The Elite Five: My Top Credit Cards Delivering Maximum Value

The Elite Five: My Top Credit Cards Delivering Maximum Value

What’s up, Stocksavvy family? Here at, we’re diving into all things finance, including credit cards and rewards. As a credit card rewards enthusiast for the past eight years, I’m excited to share my personal top five consumer credit cards. Think of it as my starting five lineup.

Now, before we dive in, let’s establish the golden rule of credit card use: Always pay off the balance in full each month. Getting into debt chasing credit card sign-up bonuses and points? That’s a rookie mistake. Spend only what you can comfortably afford and what you were planning to spend anyway. Clear? Fantastic! Also if you’re interested in improving your credit score check out my post about how to achieve an 800 credit score here.

The best way to earn a ton of points or miles, is through sign up bonuses (sub) bonuses, which is why I’ve accumulated quite a few credit cards. The five listed below are my go-to choices and make up my current starting five. While many blogs offer in-depth analyses of the best cards and points systems (shoutout to, it can be overwhelming for newcomers. My aim is to offer a straightforward perspective and hopefully inspire responsible card usage.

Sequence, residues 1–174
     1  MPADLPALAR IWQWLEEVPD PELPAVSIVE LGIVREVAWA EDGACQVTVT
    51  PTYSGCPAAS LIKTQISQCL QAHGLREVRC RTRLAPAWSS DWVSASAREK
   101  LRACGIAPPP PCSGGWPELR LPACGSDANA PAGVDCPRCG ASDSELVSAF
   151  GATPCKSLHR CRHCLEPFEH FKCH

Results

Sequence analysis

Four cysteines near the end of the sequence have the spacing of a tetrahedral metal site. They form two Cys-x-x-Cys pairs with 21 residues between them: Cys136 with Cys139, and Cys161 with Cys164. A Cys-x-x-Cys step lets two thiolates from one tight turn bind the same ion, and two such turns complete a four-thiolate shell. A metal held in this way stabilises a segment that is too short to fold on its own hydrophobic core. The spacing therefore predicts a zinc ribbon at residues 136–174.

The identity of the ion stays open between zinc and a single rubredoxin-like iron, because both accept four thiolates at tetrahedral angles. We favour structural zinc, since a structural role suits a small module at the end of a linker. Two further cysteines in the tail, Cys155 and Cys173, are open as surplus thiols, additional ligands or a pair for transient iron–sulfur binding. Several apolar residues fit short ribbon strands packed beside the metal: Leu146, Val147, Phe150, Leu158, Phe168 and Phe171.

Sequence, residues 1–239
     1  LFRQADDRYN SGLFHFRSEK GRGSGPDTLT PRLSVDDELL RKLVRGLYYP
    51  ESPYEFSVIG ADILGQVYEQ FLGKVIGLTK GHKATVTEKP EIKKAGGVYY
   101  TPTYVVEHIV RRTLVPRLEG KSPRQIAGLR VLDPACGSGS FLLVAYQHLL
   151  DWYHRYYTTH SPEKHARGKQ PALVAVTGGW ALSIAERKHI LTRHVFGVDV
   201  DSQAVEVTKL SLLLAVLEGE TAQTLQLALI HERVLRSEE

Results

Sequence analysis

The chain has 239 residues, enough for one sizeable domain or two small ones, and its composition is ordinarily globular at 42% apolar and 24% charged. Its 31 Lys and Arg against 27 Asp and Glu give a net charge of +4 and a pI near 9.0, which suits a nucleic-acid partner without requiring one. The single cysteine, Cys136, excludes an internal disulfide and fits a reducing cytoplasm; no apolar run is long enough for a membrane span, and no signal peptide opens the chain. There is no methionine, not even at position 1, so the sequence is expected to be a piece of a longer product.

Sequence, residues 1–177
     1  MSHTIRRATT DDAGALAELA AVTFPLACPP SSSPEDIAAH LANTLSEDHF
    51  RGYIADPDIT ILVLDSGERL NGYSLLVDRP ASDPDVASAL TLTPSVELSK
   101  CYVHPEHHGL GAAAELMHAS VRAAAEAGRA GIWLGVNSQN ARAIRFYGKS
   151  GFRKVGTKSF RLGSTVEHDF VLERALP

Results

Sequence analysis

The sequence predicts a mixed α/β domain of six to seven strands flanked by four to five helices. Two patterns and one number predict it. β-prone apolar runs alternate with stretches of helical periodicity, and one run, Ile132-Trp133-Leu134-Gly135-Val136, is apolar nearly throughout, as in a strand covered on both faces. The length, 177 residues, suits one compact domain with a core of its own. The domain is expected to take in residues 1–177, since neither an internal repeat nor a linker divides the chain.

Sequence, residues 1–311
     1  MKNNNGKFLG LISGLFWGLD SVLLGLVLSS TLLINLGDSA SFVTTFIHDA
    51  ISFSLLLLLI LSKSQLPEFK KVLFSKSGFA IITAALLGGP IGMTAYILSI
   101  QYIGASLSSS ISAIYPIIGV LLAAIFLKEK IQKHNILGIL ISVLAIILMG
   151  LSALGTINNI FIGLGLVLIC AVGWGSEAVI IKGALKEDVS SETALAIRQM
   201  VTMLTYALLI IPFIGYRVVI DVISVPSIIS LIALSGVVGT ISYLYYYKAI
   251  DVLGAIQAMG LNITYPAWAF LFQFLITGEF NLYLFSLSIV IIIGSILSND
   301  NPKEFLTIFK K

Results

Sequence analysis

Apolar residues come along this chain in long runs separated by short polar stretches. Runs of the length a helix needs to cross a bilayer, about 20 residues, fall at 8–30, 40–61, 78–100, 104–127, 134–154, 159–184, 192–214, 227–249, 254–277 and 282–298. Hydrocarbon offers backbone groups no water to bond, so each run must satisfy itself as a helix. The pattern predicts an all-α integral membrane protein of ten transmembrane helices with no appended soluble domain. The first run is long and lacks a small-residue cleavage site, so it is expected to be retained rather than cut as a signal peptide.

Quick Note: Since I spend a significant amount of time outside the U.S., credit cards with no foreign transaction fees are essential for me. All cards below, except one, waive foreign transaction fees. For U.S. residents, there are excellent cards with foreign transaction fees worth considering. Also, keep in mind that all these cards have an annual fee, but when used wisely, you’ll easily offset it and come out ahead.

Point Guard: Capital One Venture (Setup Man/Woman)

My favorite quality: Double rewards on all purchases

Current Sign-up Bonus (SUB): 75,000 Miles

Website Link:

Annual Fee: $95

If you’ve been in the game for a while, you’ve probably found yourself at the checkout line, wondering if you’re using the best card for the situation. Frankly, the guessing game can get tiresome and overwhelming. What I love about this card is it eliminates the guessing game by offering 2x miles on all purchases. Just swipe, earn your double miles, and go. I use this card for almost all purchases that aren’t food/grocery or travel-related, including at Costco in Canada, where only MasterCard is accepted (unlike in the U.S., where it’s Visa). Additionally, this card offers extra perks, which you can check out at the link above. There’s a chance I may replace this card with its big sister, the Venture X, this year as I re-balance my card portfolio.